New Horizons phones home to say it's OK

Pluto may be the god of death, but that has no bearing on NASA's greatest achievement yet. Dozens of sleep-deprived, and most likely teary-eyed, scientists and engineers at NASA awaited in both anticipation and dread as New Horizon's diagnostics data came flowing in a bit before 9 PM Eastern. The good news? New Horizons is safe and sound and didn't encounter any space debris that endangered its flight or its existence. The bad news? Now it has to beam down tons of data for scientists to drool over for the next months, even years!

The New Horizons probe and mission represented a landmark for NASA and space exploration in more ways than one. It is the closest that mankind has ever gotten to the now sub-planet and even the initial images that it sent has already yielded much fruit. The historic occasion was also the first time NASA took to social media, specifically Instagram, first to share the first ever closeup of Pluto.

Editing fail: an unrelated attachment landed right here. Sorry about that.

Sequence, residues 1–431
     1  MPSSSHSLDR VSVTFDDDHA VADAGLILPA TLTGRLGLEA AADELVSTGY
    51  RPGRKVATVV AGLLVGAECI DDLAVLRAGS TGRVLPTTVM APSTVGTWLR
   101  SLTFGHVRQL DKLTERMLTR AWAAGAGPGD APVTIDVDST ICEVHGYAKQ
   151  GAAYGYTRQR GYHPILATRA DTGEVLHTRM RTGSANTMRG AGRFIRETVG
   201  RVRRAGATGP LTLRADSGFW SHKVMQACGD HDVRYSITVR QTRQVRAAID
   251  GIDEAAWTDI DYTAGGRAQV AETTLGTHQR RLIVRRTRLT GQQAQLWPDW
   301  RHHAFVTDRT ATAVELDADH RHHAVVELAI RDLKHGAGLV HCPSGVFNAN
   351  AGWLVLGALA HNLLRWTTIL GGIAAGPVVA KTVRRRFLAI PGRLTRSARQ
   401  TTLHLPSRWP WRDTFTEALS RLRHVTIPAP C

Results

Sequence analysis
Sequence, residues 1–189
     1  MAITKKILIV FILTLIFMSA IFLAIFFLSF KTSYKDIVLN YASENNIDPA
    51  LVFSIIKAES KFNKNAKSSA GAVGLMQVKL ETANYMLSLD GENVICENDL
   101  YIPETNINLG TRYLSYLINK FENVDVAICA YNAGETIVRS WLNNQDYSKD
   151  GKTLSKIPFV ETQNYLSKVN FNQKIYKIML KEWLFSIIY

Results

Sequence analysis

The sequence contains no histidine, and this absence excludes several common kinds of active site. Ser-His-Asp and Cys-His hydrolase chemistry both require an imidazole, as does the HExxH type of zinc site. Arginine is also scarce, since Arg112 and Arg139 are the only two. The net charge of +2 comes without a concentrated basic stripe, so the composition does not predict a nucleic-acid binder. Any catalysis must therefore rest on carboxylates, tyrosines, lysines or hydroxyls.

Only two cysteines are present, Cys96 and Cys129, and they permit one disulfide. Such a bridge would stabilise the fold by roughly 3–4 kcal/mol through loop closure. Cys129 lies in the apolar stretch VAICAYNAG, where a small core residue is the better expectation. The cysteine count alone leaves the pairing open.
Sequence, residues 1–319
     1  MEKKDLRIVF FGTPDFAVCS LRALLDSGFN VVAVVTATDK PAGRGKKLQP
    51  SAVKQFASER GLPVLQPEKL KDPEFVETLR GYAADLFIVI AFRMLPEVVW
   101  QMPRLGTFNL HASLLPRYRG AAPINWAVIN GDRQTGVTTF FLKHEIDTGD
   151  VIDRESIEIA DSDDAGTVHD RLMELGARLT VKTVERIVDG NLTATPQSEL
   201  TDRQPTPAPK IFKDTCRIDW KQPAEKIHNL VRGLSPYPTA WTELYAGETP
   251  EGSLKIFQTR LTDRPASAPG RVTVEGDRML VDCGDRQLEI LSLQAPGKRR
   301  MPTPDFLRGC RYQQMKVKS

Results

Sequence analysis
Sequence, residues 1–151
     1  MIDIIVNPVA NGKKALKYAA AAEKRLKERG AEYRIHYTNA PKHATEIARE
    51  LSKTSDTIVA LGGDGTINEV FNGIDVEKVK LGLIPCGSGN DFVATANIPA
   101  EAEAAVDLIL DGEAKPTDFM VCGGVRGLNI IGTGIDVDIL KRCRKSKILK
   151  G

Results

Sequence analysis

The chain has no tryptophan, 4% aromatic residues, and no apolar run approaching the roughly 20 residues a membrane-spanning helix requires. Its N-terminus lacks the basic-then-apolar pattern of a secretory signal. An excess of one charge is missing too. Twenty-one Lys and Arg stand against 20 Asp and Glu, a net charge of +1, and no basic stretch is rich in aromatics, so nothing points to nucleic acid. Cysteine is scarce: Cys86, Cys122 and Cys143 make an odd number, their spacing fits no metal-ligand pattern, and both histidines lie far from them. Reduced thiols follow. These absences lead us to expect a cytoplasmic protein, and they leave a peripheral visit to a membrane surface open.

New Horizons' closest flyby, which would have taken it 7,500 miles from Pluto's surface, isn't exactly without its dangers. There's an off chance that it could collide with some space debris. A lot of things could have gone wrong as well. Which is why it was critical for NASA to confirm the probe's status. The systems check, which took four and a half hours to travel 3 billion miles to Earth, revealed the location and status of the problem. Everything is green and New Horizons has begun its departure away from Pluto after a very brief date.

It's not the end of the Pluto story, however, not by a long shot. The probe managed to gather large amounts of data which it now has to send back to earth kilobit by kilobit, a process that will take 16 months. It will definitely be a torturous 16 months for scientists eager to receive the complete data set. The first batch of data will arrive in two sets, first around 7:00 to 8:25 AM and the other from 3:25 to 9:20 PM Eastern, 15th July. This will mostly be images with scientific data for analyzing Pluto's atmosphere and composition. It will also eventually be sending images of Charon, Hydra, and Nix, Pluto's moon, with much better detail.

Needless to say, Christmas has come early for NASA.